The EU Is Investigating Amazon for Anti-Competitive Behavior

Commissioner Vestager pledges ‘a very close look’

The EU is investigating Amazon
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The European Commission has opened an antitrust investigation into whether Amazon is using data from independent sellers on its platform for competitive advantage.

A statement from the Commission pointed to Amazon’s dual—and perhaps conflicting—roles as a retailer of products and as a marketplace where other merchants also sell goods.

“When providing a marketplace for independent sellers, Amazon continuously collects data about the activity on its platform,” the Commission said in its announcement. “Based on the Commission’s preliminary fact-finding, Amazon appears to use competitively sensitive information—about marketplace sellers, their products and transactions on the marketplace.”

The Commission said it will carry out a thorough investigation “as a matter of priority.”

It plans to investigate the standard agreements between Amazon and its marketplace sellers, which give Amazon access to third party data—and, in particular, how Amazon’s use of this data impacts competition between them.

The Commission will also investigate how sellers get Buy Boxes, which are the prominently displayed tabs that allow customers to add items directly to their carts, and how data is involved in the selection as “winning the Buy Box seems key for marketplace sellers as a vast majority of transactions are done through it.”

“Ecommerce has boosted retail competition and brought more choice and better prices. We need to ensure that large online platforms don’t eliminate these benefits through anti-competitive behavior,” said Commissioner Margrethe Vestager in a statement. “I have therefore decided to take a very close look at Amazon’s business practices and its dual role as marketplace and retailer, to assess its compliance with EU competition rules.”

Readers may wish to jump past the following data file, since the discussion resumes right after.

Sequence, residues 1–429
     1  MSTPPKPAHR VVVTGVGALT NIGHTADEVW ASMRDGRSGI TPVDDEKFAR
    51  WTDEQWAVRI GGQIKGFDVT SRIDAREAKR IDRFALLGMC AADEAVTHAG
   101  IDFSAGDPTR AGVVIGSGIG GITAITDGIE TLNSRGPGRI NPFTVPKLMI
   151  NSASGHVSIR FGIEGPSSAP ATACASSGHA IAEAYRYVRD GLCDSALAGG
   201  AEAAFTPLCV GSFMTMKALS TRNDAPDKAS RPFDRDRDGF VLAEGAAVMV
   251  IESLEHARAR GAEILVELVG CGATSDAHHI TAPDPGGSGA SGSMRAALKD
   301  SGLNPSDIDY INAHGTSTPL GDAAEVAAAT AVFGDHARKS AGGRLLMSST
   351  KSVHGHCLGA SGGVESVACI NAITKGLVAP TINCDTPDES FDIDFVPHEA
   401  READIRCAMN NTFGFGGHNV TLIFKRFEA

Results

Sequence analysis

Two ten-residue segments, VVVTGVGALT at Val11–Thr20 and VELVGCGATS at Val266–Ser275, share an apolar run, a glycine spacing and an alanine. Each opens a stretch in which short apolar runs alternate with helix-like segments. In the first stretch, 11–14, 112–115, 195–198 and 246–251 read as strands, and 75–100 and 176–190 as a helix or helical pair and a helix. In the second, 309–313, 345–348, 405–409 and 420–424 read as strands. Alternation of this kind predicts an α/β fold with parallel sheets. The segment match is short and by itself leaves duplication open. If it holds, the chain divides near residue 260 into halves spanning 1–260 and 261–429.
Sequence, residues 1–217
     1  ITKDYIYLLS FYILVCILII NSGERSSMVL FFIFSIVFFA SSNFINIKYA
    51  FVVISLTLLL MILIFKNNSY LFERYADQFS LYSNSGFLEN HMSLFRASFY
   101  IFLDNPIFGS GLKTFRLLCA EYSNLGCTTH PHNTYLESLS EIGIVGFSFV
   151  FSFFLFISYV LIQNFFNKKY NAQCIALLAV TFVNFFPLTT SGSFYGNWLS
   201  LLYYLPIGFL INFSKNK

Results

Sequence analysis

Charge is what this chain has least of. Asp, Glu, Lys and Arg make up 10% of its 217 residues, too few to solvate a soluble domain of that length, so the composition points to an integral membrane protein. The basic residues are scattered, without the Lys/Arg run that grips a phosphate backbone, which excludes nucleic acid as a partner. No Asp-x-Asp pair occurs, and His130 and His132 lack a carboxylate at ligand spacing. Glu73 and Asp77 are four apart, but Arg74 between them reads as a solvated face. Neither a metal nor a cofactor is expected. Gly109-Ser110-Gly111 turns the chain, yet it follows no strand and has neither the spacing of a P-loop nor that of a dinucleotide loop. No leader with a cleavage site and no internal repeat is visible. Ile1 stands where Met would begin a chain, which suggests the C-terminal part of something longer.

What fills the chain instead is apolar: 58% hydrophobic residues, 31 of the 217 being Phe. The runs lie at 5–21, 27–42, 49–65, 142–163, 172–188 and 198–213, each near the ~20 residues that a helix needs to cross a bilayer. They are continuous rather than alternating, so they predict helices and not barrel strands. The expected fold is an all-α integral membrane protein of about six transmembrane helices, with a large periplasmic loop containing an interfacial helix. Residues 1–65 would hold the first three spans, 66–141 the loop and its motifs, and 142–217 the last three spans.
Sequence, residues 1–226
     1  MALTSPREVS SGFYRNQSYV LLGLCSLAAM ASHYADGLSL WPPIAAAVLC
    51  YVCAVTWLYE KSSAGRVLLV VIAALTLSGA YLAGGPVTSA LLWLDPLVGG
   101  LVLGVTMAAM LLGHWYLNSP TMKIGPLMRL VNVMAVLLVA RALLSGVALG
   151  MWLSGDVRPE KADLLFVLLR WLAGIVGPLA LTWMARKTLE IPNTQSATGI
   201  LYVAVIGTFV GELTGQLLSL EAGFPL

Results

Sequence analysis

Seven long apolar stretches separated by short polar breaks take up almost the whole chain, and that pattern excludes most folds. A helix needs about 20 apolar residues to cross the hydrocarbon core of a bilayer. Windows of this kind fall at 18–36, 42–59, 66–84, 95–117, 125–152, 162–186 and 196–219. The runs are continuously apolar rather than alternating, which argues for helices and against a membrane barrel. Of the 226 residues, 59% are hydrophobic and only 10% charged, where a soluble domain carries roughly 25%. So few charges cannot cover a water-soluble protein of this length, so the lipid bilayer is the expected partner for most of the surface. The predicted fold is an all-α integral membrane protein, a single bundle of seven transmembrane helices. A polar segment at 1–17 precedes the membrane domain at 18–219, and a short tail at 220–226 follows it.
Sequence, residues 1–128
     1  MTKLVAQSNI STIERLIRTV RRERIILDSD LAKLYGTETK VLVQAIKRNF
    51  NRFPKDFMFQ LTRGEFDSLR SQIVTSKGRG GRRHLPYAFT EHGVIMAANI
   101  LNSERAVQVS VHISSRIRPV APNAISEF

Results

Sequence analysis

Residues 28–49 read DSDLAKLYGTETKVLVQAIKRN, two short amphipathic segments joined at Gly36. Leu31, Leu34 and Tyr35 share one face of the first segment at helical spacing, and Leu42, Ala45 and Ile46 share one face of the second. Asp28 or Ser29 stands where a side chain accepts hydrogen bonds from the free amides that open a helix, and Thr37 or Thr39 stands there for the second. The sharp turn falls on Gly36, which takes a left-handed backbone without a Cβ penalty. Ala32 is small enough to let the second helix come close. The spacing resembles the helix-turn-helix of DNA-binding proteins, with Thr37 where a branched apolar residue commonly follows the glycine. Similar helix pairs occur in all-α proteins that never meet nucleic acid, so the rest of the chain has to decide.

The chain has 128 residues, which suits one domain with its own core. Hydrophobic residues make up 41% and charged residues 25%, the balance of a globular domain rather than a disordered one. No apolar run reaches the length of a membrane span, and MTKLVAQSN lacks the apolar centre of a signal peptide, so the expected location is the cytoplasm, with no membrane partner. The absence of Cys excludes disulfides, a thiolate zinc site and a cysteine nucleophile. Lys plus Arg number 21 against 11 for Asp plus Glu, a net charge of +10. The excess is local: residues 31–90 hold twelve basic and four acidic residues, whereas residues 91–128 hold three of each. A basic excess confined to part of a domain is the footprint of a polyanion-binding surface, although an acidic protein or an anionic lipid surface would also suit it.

If proven, the practices may breach Article 101 of the Treaty on the Functioning of the European Union (TFEU), which prohibits anticompetitive agreements and decisions of associations of undertakings that prevent, restrict or distort competition within the EU’s Single Market; and Articles 102 TFEU, which prohibits the abuse of a dominant position.

The Commission said it informed Amazon and the competition authorities of the Member States that it has opened proceedings in this case.

The release also noted there is no legal deadline for an antitrust investigation—the duration depends on factors like “the complexity of the case, the extent to which the undertakings concerned cooperate with the Commission and the exercise of the rights of defence.”

In a statement, Amazon said, “We will cooperate fully with the European Commission and continue working hard to support businesses of all sizes and help them grow.”